2,500-Years-Old Egyptian Mummification Workshop Revealed at the Saqqara Necropolis of Memphis

South of Cairo, near the famous pyramids, archaeologists discovered a mummification workshop which is more than 2,500 years old. They also discovered a shaft, and both with the workshop, they date back to the Saite-Persian Period, from 664-404 B.C.

The site was excavated over 100 years ago, in 1900, and it’s south of the Unas pyramid.

‘A Goldmine of Information’

Archaeologists found in the mummification workshop different tools and pottery vessels in an embalmer’s cachette. They found bowels and measuring cups, all of which could help them find out more about the substances used during the 26th Dynasty in the mummification process.

In a press conference, Ramadan Hussein, the head of the German-Egyptian mission, stated:

“We are in front of a goldmine of information about the chemical composition of these oils.”

The artifacts found inside the workshop are fragments of mummy cartonnages, and marl clay, faience cups and canopic cylindrical jars, most of which will be displayed in the Grand Egyptian Museum, which is currently under construction. The Grand Egyptian Museum will be inaugurated this year.

The Guilded Mask, a Sensational Discovery

Among the artifacts discovered at the site, there was also a gilded silver mask, which was placed on the face of a priest’s mummy found in a wooden coffin. Since 1939, this is the first mask to be discovered, Hussein explaining:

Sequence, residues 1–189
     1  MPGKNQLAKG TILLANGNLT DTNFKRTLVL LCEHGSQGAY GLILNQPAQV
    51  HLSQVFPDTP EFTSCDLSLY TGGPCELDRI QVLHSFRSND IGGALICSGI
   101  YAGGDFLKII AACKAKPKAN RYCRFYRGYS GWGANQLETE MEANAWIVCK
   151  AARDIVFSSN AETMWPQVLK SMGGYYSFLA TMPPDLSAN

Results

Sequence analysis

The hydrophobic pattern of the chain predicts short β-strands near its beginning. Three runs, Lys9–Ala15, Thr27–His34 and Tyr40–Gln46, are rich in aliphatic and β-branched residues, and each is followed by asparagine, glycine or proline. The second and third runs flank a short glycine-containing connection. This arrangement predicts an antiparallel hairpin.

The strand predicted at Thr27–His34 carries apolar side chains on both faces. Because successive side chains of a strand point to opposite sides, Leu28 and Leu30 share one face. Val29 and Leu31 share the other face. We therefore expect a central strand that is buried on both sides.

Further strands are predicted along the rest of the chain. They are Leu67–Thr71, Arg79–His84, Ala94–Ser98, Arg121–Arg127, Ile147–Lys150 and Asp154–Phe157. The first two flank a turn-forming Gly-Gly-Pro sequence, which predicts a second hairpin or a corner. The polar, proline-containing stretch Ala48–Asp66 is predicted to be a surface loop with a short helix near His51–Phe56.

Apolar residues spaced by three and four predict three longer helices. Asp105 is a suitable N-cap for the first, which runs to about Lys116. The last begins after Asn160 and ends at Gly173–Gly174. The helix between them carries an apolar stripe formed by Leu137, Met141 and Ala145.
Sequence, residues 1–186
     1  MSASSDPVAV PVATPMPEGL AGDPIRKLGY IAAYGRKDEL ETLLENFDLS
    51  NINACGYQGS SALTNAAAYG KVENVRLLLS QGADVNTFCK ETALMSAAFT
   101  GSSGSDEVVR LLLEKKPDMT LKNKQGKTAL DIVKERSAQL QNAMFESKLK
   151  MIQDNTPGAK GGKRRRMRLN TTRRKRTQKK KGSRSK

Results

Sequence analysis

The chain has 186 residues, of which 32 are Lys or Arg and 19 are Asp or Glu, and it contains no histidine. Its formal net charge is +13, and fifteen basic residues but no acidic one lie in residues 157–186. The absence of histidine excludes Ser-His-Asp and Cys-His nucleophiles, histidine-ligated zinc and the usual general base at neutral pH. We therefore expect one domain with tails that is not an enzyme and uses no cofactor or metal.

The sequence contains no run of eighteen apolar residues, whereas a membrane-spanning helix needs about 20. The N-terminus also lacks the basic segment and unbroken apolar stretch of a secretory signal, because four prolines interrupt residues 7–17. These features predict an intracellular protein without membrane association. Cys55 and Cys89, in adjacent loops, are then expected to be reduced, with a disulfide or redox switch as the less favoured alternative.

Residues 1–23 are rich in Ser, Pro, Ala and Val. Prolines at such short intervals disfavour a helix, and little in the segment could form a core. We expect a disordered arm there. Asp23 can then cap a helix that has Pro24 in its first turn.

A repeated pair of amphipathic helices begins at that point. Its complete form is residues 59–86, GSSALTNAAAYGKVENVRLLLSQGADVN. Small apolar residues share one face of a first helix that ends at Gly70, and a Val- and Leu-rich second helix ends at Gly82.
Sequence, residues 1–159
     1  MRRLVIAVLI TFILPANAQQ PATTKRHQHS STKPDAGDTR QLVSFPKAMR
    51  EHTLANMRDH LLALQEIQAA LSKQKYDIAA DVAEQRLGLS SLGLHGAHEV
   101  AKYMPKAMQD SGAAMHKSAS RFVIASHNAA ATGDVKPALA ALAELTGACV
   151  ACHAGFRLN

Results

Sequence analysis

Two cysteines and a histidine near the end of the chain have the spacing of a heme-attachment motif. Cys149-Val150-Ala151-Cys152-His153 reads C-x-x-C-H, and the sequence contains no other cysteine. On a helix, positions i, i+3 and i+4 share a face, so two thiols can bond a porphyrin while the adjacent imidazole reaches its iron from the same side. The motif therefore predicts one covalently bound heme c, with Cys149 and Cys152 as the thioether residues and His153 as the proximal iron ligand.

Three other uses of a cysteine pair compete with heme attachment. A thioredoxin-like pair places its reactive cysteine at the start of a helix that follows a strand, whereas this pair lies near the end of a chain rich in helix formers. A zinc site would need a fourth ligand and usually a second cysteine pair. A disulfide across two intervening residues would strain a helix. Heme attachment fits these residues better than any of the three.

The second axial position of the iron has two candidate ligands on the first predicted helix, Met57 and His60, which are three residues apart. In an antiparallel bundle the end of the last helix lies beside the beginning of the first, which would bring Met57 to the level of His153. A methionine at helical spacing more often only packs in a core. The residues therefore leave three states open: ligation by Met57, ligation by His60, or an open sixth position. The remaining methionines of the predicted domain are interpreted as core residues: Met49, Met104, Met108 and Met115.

“The finding of this mask could be called a sensation. Very few masks of precious metals have been preserved to the present day because the tombs of most Ancient Egyptian dignitaries were looted in ancient times.”

The shaft was 30 meters deep and hosted burial chambers which were carved into the rocks. The chambers lined the sides of two hallways. Antiquities Minister Khaled al-Anani said that they would continue the excavations, knowing they will find more artifacts, saying that “it’s only the beginning.”

Doris’s passion for writing started to take shape in college where she was editor-in-chief of the college newspaper. Even though she ended up working in IT for more than 7 years, she’s now back to what he always enjoyed doing. With a true passion for technology, Doris mostly covers tech-related topics.